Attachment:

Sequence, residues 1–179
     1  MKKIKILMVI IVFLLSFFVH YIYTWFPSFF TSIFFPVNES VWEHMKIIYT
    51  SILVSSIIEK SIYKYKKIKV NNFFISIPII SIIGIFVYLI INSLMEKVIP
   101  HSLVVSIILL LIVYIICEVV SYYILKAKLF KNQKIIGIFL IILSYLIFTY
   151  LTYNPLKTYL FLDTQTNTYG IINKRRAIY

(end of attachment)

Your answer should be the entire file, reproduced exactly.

Sequence, residues 1–179
     1  MKKIKILMVI IVFLLSFFVH YIYTWFPSFF TSIFFPVNES VWEHMKIIYT
    51  SILVSSIIEK SIYKYKKIKV NNFFISIPII SIIGIFVYLI INSLMEKVIP
   101  HSLVVSIILL LIVYIICEVV SYYILKAKLF KNQKIIGIFL IILSYLIFTY
   151  LTYNPLKTYL FLDTQTNTYG IINKRRAIY